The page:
Every so often, a song comes along that, for a day or a week, is the only sound my brain can acknowledge.1
This is one of those situations, but this isn’t one of those songs.
Last night. A hug goodbye, a half-mile walk home, straight up a hill and back down the other side. Just long enough for three listens.
With some songs, it’s the lyrics that resonate, and “Air” is half of one of those. “When I am gone, at least I won’t be thinking” sticks out, the kind of thing I would have written in my Livejournal a dozen years ago, or perhaps in this space next week2, but it’s the exception. Like its namesake, “Air” is ephemeral, a swirling collection. The tone of Crutchfield’s voice and guitar. The haunting backing vocals, like wind through my home’s window vents on a stormy night.
Last night’s themes, amidst the cacophony of hipsteresque mini-golf: My oversharing, her over-apologizing. There was no need for either of us to feel the way we did. I assuaged her guilt as best I could, repeatedly asserting that I understood what happened, that others had done worse, that I knew what happened was a possibility from the very start. It still is, again. Maybe.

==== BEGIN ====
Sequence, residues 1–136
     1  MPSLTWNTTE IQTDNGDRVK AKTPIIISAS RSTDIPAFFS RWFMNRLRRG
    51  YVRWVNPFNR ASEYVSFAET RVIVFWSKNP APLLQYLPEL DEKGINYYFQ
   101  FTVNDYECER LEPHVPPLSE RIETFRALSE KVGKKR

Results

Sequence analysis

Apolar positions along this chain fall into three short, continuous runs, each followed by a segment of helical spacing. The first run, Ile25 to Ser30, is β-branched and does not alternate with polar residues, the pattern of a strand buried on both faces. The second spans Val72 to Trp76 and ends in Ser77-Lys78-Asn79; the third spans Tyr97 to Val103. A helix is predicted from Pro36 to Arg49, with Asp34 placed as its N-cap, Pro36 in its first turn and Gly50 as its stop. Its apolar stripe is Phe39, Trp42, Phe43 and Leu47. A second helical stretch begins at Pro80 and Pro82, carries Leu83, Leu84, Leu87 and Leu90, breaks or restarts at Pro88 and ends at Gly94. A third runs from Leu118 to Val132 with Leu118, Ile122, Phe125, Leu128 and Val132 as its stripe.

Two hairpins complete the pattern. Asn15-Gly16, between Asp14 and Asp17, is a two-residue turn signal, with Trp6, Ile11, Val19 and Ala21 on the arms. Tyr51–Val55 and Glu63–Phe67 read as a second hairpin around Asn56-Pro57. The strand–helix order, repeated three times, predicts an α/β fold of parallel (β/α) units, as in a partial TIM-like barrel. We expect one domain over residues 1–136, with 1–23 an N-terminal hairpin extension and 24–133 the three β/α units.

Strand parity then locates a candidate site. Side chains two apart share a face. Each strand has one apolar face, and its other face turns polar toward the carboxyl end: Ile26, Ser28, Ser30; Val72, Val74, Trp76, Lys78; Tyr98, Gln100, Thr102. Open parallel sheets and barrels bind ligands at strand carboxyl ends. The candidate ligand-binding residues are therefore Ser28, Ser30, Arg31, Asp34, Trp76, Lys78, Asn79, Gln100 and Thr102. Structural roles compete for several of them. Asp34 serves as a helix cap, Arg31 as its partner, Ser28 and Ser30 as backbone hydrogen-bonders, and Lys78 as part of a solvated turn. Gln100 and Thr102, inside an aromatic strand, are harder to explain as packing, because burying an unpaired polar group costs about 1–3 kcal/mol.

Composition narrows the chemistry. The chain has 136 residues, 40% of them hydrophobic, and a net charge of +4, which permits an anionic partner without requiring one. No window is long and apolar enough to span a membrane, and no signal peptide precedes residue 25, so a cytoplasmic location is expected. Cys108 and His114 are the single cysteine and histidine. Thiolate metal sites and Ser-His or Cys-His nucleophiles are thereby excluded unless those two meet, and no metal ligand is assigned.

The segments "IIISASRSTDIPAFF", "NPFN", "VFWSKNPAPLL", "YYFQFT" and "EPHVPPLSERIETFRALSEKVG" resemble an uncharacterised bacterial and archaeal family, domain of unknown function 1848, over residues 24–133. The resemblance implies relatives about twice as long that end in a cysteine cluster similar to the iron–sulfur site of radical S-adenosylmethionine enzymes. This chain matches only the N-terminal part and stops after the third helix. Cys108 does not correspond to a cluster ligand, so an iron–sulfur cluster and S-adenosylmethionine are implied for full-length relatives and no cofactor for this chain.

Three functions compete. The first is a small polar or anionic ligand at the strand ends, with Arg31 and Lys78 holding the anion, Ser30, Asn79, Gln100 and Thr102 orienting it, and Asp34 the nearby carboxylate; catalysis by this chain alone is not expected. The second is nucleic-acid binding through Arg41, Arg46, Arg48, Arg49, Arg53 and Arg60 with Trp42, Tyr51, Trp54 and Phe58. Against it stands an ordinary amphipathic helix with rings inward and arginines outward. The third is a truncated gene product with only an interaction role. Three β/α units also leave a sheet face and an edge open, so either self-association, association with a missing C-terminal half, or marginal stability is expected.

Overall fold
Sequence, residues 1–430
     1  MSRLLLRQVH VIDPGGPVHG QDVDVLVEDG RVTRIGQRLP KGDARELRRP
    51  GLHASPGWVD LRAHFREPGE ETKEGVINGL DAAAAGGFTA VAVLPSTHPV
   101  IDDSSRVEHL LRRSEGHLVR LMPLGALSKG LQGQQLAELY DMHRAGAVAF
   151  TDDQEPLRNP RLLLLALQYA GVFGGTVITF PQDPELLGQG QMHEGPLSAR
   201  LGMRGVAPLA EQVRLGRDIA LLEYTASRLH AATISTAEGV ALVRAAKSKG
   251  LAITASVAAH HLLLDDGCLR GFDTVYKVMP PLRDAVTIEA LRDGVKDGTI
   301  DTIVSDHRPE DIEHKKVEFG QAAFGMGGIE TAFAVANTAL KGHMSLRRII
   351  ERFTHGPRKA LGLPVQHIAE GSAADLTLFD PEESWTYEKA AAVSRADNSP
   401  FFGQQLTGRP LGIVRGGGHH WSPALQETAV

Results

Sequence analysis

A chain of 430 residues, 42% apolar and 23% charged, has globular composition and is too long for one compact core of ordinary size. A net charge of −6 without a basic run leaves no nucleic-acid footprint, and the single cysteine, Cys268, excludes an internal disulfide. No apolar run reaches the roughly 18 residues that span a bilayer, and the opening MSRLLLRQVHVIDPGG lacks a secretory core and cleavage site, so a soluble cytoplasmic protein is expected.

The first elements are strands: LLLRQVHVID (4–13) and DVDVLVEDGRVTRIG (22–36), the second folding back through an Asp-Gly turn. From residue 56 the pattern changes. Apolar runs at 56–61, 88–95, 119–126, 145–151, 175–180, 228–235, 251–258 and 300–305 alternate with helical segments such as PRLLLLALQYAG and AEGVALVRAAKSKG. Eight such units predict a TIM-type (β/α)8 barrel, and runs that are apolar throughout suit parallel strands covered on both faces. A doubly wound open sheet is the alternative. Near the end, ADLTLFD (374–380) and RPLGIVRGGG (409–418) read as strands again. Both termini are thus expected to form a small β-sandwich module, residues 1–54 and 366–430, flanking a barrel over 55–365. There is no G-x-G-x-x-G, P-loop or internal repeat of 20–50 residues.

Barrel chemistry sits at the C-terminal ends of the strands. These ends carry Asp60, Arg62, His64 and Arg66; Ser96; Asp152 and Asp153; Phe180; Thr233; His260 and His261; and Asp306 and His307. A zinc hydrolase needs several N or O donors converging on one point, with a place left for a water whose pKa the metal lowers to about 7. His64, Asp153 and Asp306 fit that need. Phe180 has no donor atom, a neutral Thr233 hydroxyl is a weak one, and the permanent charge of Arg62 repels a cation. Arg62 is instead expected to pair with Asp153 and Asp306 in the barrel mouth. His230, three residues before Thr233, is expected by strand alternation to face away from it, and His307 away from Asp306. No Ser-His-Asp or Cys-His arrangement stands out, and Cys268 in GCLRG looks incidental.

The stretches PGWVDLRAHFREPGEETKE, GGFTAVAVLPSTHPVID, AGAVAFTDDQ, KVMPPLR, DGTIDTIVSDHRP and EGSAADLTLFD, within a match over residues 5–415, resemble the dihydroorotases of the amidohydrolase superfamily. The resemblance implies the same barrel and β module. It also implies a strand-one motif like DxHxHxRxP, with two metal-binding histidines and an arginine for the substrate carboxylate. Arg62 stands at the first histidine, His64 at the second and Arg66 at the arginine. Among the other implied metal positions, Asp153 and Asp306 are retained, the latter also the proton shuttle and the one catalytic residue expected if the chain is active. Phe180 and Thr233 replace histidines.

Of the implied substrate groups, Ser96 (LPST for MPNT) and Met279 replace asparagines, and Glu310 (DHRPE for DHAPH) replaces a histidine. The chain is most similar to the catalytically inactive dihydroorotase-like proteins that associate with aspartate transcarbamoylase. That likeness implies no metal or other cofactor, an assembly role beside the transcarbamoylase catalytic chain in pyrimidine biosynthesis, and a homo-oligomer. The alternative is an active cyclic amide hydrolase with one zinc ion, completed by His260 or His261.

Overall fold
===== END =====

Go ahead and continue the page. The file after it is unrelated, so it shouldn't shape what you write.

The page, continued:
I felt awkward from the start, but not in the usual way. New, uncertain boundaries led me to overcorrect, to talk of others in a way that deliberately broke unwritten rules for situations which, we had already explicitly determined, this was not. But the honesty and the apologies and the boundaries swirled together, and created some sort of storm of excessive truth.
In one of those moments, while in line to putt our way through a maze of lasers, I mentioned how I saw a therapist for a few months a few years ago. And, while I know plenty of people who’ve had success with therapy, in my case, it took a bad situation and made it even worse. The problem, I explained, was that I never felt like he had any thoughts which I hadn’t considered already.
What I didn’t say was that, in our small, scattered sample size, I’d had the opposite experience with her. Whip-smart to an incredible degree, self-doubting to a fault: Her? Me? Both of us? What I know with certainty is that we are both curious people in a world that lacks them. When I told her of last weekend’s trip to Chicago, of how my mom and sister stayed in the safe, touristy places while I found my own paths, she was as exasperated as I.
The problems here are myriad, beginning with time and space, and continuing on to less Gallifreyan, but no less significant, concerns. We’re imperfect people in imperfect places, intellectually compatible, with the possibility of anything more questionable at best. That’s the thing, though: Most questions have answers. And, while I have no idea what it might be, I think we’re smart enough to find one.